Song 4 Mutya (Out of Control)

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"Song 4 Mutya (Out of Control)"
Single by Groove Armada and Mutya Buena
from the album Soundboy Rock and Real Girl
Released 23 July 2007
Format CD single, digital download
Genre Electronic, electropop
Length 3:31
Writer(s) Andy Cato, Tim Hutton, Karen Poole, Tom Findlay
Producer(s) Groove Armada
Groove Armada singles chronology
"Get Down"
(2007)
"Song 4 Mutya (Out of Control)"
(2007)
"Love Sweet Sound"
(2008)
Mutya Buena singles chronology
"Real Girl"
(2007)
"Song 4 Mutya (Out of Control)"
(2007)
"Just a Little Bit"
(2007)

"Song 4 Mutya (Out of Control)" is a song produced by British music duo Groove Armada, featuring vocals by recording artist Mutya Buena. Initially intended to feature British singer Estelle, the duo ultimately decided to collaborate with Buena on the song following her departure from girl group Sugababes in December 2005. Supported by a new wave-inspired beat, dance synthesizers and a bass line, it is an uptempo electronic and electropop song. The lyrics were interpreted by the media as an "insult" to Buena's Sugababes replacement Amelle Berrabah, although Buena herself has denied such allegations.

The song's production was met with critical acclaim, and various critics named it the song of the summer, while The Guardian and Xtra! highlighted it as one of the best songs of 2007. The song peaked at number eight on the UK Singles Chart and reached number one on the UK Dance Chart. It reached the top forty in Australia, Finland, Ireland and the Netherlands. The single's music video was filmed in Finsbury Park, North London and features a festival theme.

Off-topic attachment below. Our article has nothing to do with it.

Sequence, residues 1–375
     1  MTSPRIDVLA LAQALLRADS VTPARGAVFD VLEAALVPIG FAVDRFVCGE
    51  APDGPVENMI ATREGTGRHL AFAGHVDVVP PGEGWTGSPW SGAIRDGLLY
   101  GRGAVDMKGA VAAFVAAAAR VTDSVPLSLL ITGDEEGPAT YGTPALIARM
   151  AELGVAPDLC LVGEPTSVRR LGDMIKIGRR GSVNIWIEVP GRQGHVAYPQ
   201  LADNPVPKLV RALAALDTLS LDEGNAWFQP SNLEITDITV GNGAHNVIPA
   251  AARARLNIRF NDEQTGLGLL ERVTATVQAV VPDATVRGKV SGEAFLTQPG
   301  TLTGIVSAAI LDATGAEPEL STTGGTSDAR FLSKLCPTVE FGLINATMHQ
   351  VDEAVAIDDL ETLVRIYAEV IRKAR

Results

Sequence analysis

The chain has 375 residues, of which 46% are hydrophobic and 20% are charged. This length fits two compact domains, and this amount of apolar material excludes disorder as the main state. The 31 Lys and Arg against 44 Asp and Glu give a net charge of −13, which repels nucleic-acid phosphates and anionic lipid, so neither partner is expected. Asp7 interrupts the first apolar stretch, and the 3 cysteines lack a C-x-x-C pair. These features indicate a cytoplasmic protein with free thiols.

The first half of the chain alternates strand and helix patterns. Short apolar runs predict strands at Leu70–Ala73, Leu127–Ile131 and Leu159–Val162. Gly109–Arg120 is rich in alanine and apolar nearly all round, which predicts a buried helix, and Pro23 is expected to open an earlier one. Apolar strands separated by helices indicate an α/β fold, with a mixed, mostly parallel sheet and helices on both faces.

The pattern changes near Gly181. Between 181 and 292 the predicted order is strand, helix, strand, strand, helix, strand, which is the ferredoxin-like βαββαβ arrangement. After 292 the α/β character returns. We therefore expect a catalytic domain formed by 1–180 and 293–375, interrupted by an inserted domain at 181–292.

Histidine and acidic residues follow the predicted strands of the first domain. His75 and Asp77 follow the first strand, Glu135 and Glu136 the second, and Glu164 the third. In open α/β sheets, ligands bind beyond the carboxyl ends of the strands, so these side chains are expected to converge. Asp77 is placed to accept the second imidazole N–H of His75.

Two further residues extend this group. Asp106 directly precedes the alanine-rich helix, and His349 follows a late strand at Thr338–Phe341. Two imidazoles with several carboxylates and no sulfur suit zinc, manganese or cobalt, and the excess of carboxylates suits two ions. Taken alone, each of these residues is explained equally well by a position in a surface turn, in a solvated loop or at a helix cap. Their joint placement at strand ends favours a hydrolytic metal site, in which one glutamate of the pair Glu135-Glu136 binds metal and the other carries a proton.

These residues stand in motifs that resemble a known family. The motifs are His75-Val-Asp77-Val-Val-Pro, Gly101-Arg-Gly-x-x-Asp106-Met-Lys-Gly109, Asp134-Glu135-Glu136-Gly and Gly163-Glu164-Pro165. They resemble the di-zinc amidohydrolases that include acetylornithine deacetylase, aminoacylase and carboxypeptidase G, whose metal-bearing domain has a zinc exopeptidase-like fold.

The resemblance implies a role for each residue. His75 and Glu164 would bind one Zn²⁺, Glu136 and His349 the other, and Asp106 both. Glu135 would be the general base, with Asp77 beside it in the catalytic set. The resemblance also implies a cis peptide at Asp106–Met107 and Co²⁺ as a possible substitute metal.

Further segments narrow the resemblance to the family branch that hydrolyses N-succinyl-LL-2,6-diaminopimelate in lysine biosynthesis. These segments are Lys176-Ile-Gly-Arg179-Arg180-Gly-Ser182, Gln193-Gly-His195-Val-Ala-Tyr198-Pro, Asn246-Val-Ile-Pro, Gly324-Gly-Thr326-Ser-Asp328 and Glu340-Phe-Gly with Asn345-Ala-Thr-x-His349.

Background and development[edit]

"Song 4 Mutya (Out of Control)" was written by Andy Cato, Tim Hutton, Karen Poole and Tom Findlay, and produced by the former two under their stage name Groove Armada.[1] The song features uncredited vocals by English singer Mutya Buena, a former member of girl group Sugababes.[2] The song was included on Groove Armada's album Soundboy Rock (2007), and Buena's debut release Real Girl.[1] It was initially intended to feature British singer Estelle with the title "Song 4 Estelle", but according to Groove Armada, "she didn't nail it at all".[3] The production duo revealed how Buena ended up on the song, saying:

We needed an iconic voice. It's the voice of a generation, that generation of female pop acts. The same way that Robbie Williams left Take That at the right time, she left Sugababes at the right time. The Sugababes are a bit random for me now. It doesn't work any more. She's one of those pop voices, when you mention her, people don't go "What are you working with her for?" They go "She's cool." Mainly 'cos she's so scary.[3]

They also spoke about their hesitance regarding the collaboration with Buena: